The standout vocal track, however, is not a Lucinda Williams tune. "Angel" is by Jimi Hendrix, and Williams sings it with weary hope, narrating a story of a conversation that makes us all want to wake up each morning. The band is limited to just Frisell's resonant guitars and Lloyd on tenor, and you would think that the song's simple cycle of four chords might give them too little material to make interesting, but in fact it the simplicity that works—it makes the music transparent, direct, and entirely beautiful.
Also limited to guitar and saxophone: a gorgeous reading of "Monk's Mood" that begins as a solo piece for Frisell and then opens like a flower as Lloyd enters. Neither moves far away from the melody throughout, wisely. Like so much of the music here, there is a gravity to it, respect. You hear this feeling as well in the band's instrumental reading of "Ballad of the Sad Young Men", a slow take that begins with the guitars on the melody and then brings in Lloyd for a majestic statement. Lloyd moves over to flute for "Blues for Langston and LaRue", a slow swinger that is the only real swinger here, a controlled kind of blues funk we don't hear enough of these days.
More typical of the band (dubbed "The Marvels" for this and Lloyd's previous recording with them without Williams) are two strong tracks of instrumental atmosphere. "Vanished Gardens" is a pointillistic one-chord improvisation build a staccato guitar figure from Frisell that invites the whole band to splash about with a tip-toed joy. The band resists the temptation to let anyone "take a solo", instead engaging in a playful group jam for nine fun minutes. "Defiant", the opening track, is a mournful slice of Americana that shuffles along a country road, cooled by washes of electric guitar and driven by a loping a rhythm section that proves—as if Charles Lloyd, Bill Frisell, and so many others had not made this case repeatedly in recent years—that the various genres of American music are really just one beautiful thing, connected by history and cross-pollination.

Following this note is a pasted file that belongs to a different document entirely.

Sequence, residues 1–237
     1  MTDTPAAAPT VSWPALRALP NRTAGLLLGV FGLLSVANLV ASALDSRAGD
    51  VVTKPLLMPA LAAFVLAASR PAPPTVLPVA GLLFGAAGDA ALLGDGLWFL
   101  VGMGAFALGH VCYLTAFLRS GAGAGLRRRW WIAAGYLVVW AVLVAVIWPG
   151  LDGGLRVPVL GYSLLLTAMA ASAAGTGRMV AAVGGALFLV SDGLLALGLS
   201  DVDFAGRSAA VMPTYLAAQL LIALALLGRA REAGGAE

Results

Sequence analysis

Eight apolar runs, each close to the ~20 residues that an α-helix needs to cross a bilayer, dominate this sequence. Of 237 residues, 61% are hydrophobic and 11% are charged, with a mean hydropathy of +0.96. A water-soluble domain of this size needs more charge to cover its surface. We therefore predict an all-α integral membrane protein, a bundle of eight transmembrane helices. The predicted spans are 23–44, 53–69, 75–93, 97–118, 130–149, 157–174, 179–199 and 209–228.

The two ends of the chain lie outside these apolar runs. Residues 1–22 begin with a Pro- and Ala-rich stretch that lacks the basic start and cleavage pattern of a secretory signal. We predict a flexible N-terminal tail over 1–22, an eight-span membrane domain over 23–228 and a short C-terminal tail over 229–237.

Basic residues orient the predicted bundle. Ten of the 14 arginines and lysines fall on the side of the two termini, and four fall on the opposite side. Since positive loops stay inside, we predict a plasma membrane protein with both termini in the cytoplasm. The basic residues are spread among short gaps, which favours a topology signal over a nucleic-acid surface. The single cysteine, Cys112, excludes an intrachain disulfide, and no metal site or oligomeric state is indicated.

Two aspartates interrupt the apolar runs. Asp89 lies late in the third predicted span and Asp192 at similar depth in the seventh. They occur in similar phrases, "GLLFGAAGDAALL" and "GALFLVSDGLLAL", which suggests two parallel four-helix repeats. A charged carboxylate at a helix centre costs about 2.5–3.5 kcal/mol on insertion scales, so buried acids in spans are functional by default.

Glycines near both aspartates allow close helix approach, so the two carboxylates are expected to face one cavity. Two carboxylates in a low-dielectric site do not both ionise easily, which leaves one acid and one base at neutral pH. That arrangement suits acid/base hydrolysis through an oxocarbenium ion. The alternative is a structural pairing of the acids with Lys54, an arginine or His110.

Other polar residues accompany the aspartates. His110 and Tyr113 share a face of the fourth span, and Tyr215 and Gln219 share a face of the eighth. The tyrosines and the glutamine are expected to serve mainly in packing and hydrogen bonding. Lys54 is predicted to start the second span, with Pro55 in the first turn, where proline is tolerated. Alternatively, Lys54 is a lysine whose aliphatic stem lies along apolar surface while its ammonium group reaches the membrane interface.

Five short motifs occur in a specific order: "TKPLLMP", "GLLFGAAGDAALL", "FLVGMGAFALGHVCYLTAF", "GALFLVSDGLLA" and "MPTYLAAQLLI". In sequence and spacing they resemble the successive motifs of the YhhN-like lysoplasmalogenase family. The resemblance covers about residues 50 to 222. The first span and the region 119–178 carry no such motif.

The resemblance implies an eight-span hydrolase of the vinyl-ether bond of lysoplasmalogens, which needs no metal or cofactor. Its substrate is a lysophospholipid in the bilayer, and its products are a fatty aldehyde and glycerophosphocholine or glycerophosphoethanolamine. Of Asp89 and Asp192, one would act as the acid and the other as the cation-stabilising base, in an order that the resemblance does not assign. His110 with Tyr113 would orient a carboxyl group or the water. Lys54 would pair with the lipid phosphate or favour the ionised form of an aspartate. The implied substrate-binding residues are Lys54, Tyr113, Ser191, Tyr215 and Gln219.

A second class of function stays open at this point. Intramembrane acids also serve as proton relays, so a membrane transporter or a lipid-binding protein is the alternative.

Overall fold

The history suggested by this music is arguably an important commentary on the United States in 2018. Leisz's dobro and pedal steel are associated with country music in various forms, though he came up in the 1960s culture of Southern California, and he has played with Clapton and Allison Krause in equal measure. Frisell started as a rocker too, obsessed with the Beatles as much as Charlie Christian, yet we think of him as "jazz". Bassist Reuben Rogers is from the Virgin Islands by way of the Berklee College of Music and, like drummer Eric Harland, has played with everyone you can imagine in jazz. Harland is from Houston, Texas, a hotbed of a certain kind of soulful jazz, and brings a roots groove wildly different from country but not unconnected. Lloyd? He's from Memphis: an American musical hub if ever there was one. In the current era, this is simply a band that crosses borders, crosses water, connects styles, and yet sings with one voice.
Let's think about that.
Vanished Gardens sits in a sweet spot for Charles Lloyd, putting him at an intersection of different forms that have defined his career, from jazz standards to American pop singing, to meditative roots music. Despite early success, the recorded evidence is that Lloyd—at 80—is in his mature prime. May it continue.